Mmmm zesty and sweet!: Meyer lemon pound cake with meyer lemon curdNovember 29, 2006
Sorry, but the wife’s witty remarks won’t appear today. So you are stuck with just me, the Husband, today.
So where was I? What do I want to rant about? Oh right, Meyer lemons… For most of us on the East Coast of the US, getting these little gems is a treat. Confined mostly to the West Coast of the US because of their thin skin, meyer lemons are usually just the flavoring in large commercially produced products. Yet about a month ago, I saw them in my local grocer and decided I had to have them.
Now that I’ve stated my wanting for these lemons, I guess I should explain why they are so special as to ellicit such desire from a married man. Meyer lemons are not really lemons in the way most of us here in the US think of them. They were introduced to this country about a century ago from East Asia and are likely a hybrid between a lemon and a sweet orange. The result is a juicy citrus fruit that has an intense fragrance and a juice that is both sweet and tart. The problem is that they tend to have a thin skin, making them harder to get if you don’t live near where they grow. So when they appeared in my grocer, I bought.
So now that I had a bundle of these left-coast fruits, I wanted to make something that really allowed the fruit to show off. I mean these are out of town guests, you really have to show them a good time. So I gave them a simple place to shine—a pound cake with a nice lemon curd topping. The results were good.
The recipe has a pleasant lightness and tang of flavor from the curd, yet it has a nice filling feeling to it from the density of the pound cake. This combination is also flexible. I served this as dessert for a dinner party with a tiny bit of ice cream and some powdered sugar over the plate to fancy it up. Or, it can be served like it is in the photos for a simple treat.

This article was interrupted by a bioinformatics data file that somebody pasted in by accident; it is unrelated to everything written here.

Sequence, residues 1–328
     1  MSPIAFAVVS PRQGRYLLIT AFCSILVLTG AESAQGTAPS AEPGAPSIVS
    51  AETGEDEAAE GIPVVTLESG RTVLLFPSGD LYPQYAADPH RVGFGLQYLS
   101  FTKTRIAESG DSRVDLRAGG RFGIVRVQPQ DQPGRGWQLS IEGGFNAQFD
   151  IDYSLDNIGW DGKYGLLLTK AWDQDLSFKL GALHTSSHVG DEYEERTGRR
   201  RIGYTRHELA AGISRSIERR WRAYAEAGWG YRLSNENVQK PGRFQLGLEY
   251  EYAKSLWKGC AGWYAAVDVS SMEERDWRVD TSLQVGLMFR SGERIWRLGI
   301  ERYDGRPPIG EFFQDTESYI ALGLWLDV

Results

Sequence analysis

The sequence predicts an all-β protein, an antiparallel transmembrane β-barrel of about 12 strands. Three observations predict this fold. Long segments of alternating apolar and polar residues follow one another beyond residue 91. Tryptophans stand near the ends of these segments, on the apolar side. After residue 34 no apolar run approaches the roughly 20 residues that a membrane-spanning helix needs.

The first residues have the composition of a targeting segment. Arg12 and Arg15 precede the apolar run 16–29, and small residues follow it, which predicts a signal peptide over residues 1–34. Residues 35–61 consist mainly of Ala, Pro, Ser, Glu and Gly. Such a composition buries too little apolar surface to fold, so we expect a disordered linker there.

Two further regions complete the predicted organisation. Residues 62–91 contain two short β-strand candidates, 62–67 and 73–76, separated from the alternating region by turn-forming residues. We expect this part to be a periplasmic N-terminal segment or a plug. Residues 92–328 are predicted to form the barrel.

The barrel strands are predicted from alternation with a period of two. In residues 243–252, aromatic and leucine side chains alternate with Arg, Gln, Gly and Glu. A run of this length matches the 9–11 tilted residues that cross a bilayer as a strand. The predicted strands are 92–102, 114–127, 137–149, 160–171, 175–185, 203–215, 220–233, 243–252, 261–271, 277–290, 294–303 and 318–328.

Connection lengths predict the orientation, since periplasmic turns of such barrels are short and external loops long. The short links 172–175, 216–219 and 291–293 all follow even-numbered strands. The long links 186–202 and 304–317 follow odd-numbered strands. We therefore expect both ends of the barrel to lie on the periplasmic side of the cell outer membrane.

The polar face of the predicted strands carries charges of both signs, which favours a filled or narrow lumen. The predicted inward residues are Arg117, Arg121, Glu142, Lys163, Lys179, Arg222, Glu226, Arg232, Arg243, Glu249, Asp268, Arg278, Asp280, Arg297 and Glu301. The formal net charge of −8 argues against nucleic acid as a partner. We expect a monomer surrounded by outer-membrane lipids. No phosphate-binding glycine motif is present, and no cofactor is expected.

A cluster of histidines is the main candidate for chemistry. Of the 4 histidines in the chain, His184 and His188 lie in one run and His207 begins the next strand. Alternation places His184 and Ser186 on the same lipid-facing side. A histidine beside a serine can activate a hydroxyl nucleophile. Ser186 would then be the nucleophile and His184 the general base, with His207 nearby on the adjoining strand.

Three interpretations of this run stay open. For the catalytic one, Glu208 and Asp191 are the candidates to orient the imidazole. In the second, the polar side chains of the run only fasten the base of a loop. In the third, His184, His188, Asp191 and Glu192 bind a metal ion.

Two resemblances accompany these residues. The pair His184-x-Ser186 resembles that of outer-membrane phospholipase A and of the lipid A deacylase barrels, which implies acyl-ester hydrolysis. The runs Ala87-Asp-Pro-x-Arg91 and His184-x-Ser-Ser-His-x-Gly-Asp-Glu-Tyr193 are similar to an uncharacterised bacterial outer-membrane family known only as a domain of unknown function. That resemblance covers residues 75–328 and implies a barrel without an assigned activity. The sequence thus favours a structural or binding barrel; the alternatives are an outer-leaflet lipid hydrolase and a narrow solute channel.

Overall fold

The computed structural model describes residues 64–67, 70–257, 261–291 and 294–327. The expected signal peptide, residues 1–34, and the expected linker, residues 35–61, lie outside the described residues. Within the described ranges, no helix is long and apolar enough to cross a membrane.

I really love this recipe with all its flavor and little effort. The cake takes time to bake, but very little preparation time—the equivalent of making brownies. The curd is also very simple (though you do need to stand over it for 10 min), but can be used in many ways and as a topping for other things. If you can’t get meyer lemons, you can use regular ones. However, I would use at least one extra lemon in both recipes if you do. Meyer lemons are very juicy. I hope you enjoy a bit of springtime here in winter.
Meyer Lemon Pound Cake
2 cup all-purpose flour
1 3/4 cup sugar
1 cup butter (2 sticks)
3 large eggs
3 egg yokes
2 meyer lemons (zest and juice)
2 tsp. vanilla extract
1 tsp. baking powder
1/2 tsp. salt
1. Preheat oven to 325F.
2. If you don’t have a non-stick one, grease and flour a 9 x 5 loaf pan.
3. In a stand mixer, add the sugar and butter. Cream together on medium speed until light and fluffy (3 min). Stop about midway through and scrape down the sides and bottom to make sure all of the butter is being creamed.
4. Add the whole eggs one at a time to the mixer on low speed. Once all the whole eggs are integrated, add the egg yokes and integrate on slow speed.
5. Add the meyer lemons’ zest and juice. Mix completely.
6. Add the vanilla, baking powder and salt. Mix completely.
7. Add the flour and slowly mix in. The moment all of the flour is integrated stop mixing. You do not want to over mix the batter. It will make the cake tough by creating too much gluten. If you are worried, feel free to add the flour 1/2 cup at time while hand folding the flour into the batter.
8. Pour the batter into your loaf pan. Place in oven and bake for 75-80 min. When the cake is done, toothpick should pull clean from the center.
9. Let cool for 15 min. Turn out onto a plate. Cut into slices. Serve with curd described bellow. Enjoy!
Meyer Lemon Curd:
3 egg yokes
2 meyer lemons (zest and juice)
3/4 cup sugar
4 Tbsp. butter
1. Place a pot or bottom part of a double boiler with and inch of water over medium high heat.
2. In a metal or glass bowl (wide enough to sit over the pot of water) or the top part of a double boiler, whisk together the yokes and sugar. It should be a sticky paste at this point.
3. Add the meyer lemon’s juice and zest and whisk until completely integrated.
4. Place the bowl over the pot or double boiler and whisk for 7-10 min. The mixture should start to thicken. You will know its done when it falls in ribbons or you can coat the back of a spoon easily and draw your finger though it with no curd covering. It should be thick. Remove from the heat.
5. Add 1 tablespoon and whisk into the mix using the residual heat to melt the butter. Don’t add the next tablespoon of butter until you can no longer see the previous one. If necessary, return over the double boiler.
6. Serve warm over anything you need a nice lemony zest. Or you can place in a container and cover with plastic wrap (pressed against the curd so no skin forms). It keeps for a week. It will thicken a bit more after cooled, but it actually is easier to spread at that point. Enjoy!